Think tank Centre for London has called for both private and shared e-scooters to be legalised in the UK.
Setting out its recommendation in a report published on 23 September, Micromobility in London, Centre for London said that national government should legalise the use of e-scooters on public roads, and that Transport for London should be handed control of the rental scheme in the capital.
If legalised, the report recommended the implementation of “minimum safety standards at the point of sale and while being ridden, such as a maximum permitted speed and having lights”.
Shared e-scooter schemes have been ongoing in the UK since the summer of 2020, with the trial period set to conclude March of next year.
Meanwhile, it is currently illegal to ride a private e-scooter on public roads.
Centre for London advised that investment or policy surrounding micromobility should guided by the principles of putting pedestrian safety first, considering the user experience, contributing to net zero carbon emissions and making the service accessible to all.
The report called for the government to incentivise the use of micromobility through tax schemes and loans, while arguing that local authorities should provide parking and increase space for riders as required.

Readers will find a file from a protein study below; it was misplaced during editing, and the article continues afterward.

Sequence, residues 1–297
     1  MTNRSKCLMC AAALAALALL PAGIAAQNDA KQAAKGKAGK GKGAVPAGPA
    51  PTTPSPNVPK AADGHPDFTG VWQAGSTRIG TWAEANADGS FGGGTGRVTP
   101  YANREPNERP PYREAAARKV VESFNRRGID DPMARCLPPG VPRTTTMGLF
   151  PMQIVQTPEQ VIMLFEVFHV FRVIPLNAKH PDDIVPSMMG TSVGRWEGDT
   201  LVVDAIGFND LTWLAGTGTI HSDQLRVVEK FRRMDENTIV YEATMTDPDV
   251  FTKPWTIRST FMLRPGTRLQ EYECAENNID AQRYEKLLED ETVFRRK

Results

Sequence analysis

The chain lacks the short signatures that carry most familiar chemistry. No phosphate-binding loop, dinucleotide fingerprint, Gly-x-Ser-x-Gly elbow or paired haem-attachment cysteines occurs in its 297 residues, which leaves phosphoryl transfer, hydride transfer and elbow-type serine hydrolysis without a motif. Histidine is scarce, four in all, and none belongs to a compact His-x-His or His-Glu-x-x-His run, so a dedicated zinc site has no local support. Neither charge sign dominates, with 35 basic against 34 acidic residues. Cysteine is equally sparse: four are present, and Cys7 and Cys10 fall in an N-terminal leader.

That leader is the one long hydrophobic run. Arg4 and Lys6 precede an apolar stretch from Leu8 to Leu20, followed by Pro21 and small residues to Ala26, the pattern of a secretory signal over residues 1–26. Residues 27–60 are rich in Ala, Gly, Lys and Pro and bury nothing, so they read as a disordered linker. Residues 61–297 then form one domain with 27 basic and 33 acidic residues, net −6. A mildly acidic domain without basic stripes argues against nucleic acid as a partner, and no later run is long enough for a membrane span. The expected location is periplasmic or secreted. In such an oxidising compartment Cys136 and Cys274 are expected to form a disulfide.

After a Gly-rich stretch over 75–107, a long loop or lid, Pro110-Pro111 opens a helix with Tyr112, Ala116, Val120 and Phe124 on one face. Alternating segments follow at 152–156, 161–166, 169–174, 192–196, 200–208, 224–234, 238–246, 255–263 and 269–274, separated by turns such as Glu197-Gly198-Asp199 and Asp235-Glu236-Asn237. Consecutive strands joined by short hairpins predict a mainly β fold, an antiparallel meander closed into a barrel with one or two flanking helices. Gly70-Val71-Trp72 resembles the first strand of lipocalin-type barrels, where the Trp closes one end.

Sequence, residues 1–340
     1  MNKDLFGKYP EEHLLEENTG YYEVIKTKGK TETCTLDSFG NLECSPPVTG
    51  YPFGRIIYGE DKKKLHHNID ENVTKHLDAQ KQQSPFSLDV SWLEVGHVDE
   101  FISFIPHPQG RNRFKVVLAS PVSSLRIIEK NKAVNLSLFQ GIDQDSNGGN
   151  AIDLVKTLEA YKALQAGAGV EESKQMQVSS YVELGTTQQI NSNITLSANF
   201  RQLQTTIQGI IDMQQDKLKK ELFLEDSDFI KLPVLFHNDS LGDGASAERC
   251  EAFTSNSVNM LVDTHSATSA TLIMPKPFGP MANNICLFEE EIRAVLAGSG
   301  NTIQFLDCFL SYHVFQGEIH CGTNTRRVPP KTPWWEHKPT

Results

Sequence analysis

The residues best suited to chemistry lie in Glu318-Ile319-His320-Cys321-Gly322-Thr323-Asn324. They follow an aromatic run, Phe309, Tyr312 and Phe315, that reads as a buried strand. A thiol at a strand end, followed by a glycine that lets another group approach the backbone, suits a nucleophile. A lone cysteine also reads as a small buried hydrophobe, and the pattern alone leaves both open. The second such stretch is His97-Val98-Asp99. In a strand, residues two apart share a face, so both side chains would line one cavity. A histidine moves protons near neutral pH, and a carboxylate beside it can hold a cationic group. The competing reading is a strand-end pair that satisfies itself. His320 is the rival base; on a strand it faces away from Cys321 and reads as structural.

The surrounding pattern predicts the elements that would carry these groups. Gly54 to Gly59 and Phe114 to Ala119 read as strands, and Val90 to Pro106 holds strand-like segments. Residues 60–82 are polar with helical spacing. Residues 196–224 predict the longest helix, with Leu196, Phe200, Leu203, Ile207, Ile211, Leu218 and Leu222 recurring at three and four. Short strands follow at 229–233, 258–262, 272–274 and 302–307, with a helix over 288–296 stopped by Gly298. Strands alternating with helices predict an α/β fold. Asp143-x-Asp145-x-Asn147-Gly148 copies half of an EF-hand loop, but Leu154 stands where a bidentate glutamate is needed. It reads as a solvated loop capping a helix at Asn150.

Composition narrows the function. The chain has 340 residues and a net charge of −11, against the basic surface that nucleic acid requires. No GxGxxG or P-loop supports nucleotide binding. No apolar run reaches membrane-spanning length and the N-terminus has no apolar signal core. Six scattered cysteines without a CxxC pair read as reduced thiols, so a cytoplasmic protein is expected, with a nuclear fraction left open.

“Following the economic ramifications of the COVID-19 pandemic, improving Londoners’ access to modes of travelling around their local area and the city more broadly could play an important role in the recovery of London’s high streets,” the report read.
“There is an opportunity to reduce the use of privately owned cars by enabling more people to cycle and use other forms of ‘micromobility’, such as e-bikes and e-scooters. Not only would this support the city to become carbon neutral, but it could also lead to cleaner air, less congested roads, safer streets, and increased mobility for Londoners.”
The report was sponsored by micromobility operators Dott and Voi.
The full list of recommendations can be found here.